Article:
Microsoft Project Silica quartz glass storage passes milestone - Storage

Yolanda Curtis
November 6, 2019

On partnership with Warner Bros, Microsoft revealed the studio had approached the company to leverage new technology to secure its vast library of movies including radio shows, animated shorts and sitcoms among others.

Sliding a little under the radar, perhaps, was an update on Project Silica, a collaborative endeavour between Microsoft and Warner Bros. A laser encodes data in glass by creating layers of 3D nanoscale gratings at multiple depths and angles. "We are building storage that operates at the cloud scale", said Ant Rowstron, partner deputy lab director of Microsoft Research Cambridge in the United Kingdom, which collaborated with University of Southampton to develop Project Silica.


The glass medium offers superior durability as quartz is proven to remain intact even after it gets boiled in water, exposed to high microwave heat, scoured or demagnetized. It also has its own digital archives that are subject to content migration every three years to avoid any degradation issues.

Using the example of storing the entire Superman movie on a piece of glass no thicker than a quarter, Nadella highlights the potential of Project Silica's ability to massively reduce the amount of space apps, or services could take in the future.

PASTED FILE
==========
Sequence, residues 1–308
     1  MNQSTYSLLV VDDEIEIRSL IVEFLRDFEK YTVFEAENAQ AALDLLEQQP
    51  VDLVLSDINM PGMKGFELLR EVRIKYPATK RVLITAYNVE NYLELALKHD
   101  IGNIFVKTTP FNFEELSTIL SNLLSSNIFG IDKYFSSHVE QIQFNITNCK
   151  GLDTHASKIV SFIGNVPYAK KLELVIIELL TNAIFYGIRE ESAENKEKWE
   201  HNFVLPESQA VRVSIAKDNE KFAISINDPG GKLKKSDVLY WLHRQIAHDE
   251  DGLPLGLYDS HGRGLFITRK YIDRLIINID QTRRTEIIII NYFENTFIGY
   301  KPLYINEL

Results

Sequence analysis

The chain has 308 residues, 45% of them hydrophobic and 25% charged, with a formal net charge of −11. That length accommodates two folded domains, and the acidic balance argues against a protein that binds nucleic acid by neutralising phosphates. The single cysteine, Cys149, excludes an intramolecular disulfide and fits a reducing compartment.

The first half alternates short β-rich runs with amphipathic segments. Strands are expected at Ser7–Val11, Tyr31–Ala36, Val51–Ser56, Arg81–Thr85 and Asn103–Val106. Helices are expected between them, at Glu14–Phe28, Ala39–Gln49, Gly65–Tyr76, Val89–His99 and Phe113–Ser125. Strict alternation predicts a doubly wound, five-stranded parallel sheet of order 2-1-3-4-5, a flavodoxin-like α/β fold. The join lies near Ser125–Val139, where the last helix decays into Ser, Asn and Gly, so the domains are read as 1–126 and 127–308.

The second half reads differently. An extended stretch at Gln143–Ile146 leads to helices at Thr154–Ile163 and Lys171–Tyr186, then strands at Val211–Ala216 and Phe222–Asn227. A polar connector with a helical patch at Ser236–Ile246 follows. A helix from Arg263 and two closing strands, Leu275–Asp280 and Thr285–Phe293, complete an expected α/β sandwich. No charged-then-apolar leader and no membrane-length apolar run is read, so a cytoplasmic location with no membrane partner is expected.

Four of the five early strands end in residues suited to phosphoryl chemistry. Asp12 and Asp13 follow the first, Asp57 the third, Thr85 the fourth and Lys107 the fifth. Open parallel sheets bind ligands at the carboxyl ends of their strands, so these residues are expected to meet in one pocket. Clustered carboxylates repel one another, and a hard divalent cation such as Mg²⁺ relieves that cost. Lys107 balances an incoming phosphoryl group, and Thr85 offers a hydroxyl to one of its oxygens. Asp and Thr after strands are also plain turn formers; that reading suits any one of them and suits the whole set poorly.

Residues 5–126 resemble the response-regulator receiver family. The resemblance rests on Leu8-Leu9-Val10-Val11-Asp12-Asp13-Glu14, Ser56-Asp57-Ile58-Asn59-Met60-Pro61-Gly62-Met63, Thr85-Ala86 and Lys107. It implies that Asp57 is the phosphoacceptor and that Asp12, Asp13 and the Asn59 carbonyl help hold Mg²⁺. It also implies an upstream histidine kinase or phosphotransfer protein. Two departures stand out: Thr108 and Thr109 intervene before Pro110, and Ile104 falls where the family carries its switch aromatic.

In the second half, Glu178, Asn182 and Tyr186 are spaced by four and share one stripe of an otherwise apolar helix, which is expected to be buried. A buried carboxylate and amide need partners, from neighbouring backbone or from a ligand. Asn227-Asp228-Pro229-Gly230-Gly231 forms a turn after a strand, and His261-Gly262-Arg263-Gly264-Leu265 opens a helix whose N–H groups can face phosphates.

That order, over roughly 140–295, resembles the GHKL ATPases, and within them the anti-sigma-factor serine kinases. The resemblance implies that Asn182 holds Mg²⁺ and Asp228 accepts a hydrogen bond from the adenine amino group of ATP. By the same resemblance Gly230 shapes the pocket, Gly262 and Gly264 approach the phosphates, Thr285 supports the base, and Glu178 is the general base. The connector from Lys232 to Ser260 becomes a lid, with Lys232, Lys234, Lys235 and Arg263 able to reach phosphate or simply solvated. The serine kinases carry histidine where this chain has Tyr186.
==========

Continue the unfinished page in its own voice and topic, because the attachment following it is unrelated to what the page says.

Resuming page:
Microsoft says Warner Bros. initially approached them to come up with new technologies to effectively store its library of films in a non-destructive way.

"When we shoot something digitally - with zeros and ones representing the pixels on the screen - and print that to an analog medium like film, you destroy the original pixel values. We are building storage that operates at the cloud scale", said Ant Rowstron, partner deputy lab director of Microsoft Research Cambridge in the United Kingdom, which worked with the University of Southampton on Project Silica. "That's what I love about this", said Brad Collar, Warner Bros. senior vice president of global archives and media engineering. Combine it with the high costs of creating archival film negatives for all digitally shot TV content, Project Silica could potentially become a cheaper, higher-quality replacement for creating physical archives. Another advantage over the current tape medium is the ease of data retrieval, which is made possible by machine learning algorithms that very quickly read the needed data cluster. Microsoft used 74 such layers to capture "Superman" in glass, but has since advanced the technology to add many more layers.


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